Suicides in the U.S. Air Force up 40% from last year
Chief Master Sgt. of the Air Force James Roy reports that more personnel have committed suicide so far in 2012 than have been killed in combat.
to the Air Force Times
, Roy believes the figures are "worrisome," and the Air Force is addressing the problem through its Suicide Prevention Program and its Comprehensive Airman Fitness Program. Many of the suicide victims were experiencing a number of hardships directly and indirectly relating to their service, including financial and legal trouble, as well as problems with personal relationships, according to Roy.
In a related story, Secretary of Veterans Affairs Eric K. Shinseki recently announced that Veteran's Affairs (VA) would add 1,900 mental health nurses, psychiatrists, psychologists, and social workers to the VA’s South Central Health Care Network, which includes facilities in Arkansas, Oklahoma, Louisiana, Mississippi, and Texas. The Cypress Times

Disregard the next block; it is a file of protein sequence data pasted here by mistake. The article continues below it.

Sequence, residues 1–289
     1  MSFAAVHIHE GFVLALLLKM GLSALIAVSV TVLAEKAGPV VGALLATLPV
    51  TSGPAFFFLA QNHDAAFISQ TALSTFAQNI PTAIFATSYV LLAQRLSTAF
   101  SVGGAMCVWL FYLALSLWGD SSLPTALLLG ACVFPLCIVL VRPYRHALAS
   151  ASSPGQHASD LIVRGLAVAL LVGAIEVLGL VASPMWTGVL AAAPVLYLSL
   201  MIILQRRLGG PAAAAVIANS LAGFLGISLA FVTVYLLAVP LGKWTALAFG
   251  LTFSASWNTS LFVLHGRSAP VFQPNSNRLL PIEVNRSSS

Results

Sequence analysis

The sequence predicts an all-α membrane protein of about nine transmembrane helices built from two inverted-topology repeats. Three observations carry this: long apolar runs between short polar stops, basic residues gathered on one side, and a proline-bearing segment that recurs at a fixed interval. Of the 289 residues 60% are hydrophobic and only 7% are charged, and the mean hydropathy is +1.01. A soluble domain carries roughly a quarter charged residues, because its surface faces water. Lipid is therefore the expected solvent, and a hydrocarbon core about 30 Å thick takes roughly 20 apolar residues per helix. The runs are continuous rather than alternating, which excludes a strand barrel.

quotes Shinseki as saying,
As the tide of war recedes, we have the opportunity, and the responsibility, to anticipate the needs of returning Veterans. History shows that the costs of war will continue to grow for a decade or more after the operational missions in Iraq and Afghanistan have ended. As more Veterans return home, we must ensure that all Veterans have access to quality mental health care.
In 2003 Shinseki, then Army chief of staff, had told Congress that a quick and decisive win in Iraq would require a far greater number of troops on the ground than was planned. The New York Times reports
that deputy to the secretary of defense Paul D. Wolfowitz dismissed his testimony as “wildly off the mark,” but by 2007, President Bush was forced to admit that Shinseki's estimates about the costs of war had been correct.